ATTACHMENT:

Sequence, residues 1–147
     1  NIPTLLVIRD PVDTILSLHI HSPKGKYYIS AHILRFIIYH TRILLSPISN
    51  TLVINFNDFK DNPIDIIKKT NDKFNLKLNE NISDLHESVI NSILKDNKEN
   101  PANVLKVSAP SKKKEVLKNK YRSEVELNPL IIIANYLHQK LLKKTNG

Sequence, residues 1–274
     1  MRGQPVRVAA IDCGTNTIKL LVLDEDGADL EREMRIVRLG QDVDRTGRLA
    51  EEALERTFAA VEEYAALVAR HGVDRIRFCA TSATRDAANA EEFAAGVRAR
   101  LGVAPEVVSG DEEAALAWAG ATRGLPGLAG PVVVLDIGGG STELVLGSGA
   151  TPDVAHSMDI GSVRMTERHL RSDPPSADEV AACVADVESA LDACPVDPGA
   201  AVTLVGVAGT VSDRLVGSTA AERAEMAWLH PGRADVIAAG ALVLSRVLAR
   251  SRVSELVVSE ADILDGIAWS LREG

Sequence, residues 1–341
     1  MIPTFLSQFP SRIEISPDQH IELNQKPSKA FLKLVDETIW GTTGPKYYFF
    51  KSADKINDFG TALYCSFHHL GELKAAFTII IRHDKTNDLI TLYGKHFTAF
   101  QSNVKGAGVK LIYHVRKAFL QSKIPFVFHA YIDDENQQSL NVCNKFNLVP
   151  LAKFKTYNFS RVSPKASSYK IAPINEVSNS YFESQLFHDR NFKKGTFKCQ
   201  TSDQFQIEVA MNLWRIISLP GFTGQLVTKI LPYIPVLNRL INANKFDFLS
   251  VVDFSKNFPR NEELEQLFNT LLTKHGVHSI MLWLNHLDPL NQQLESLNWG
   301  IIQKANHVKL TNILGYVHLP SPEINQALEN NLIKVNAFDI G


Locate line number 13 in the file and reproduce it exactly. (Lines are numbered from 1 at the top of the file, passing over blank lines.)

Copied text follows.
     1  MIPTFLSQFP SRIEISPDQH IELNQKPSKA FLKLVDETIW GTTGPKYYFF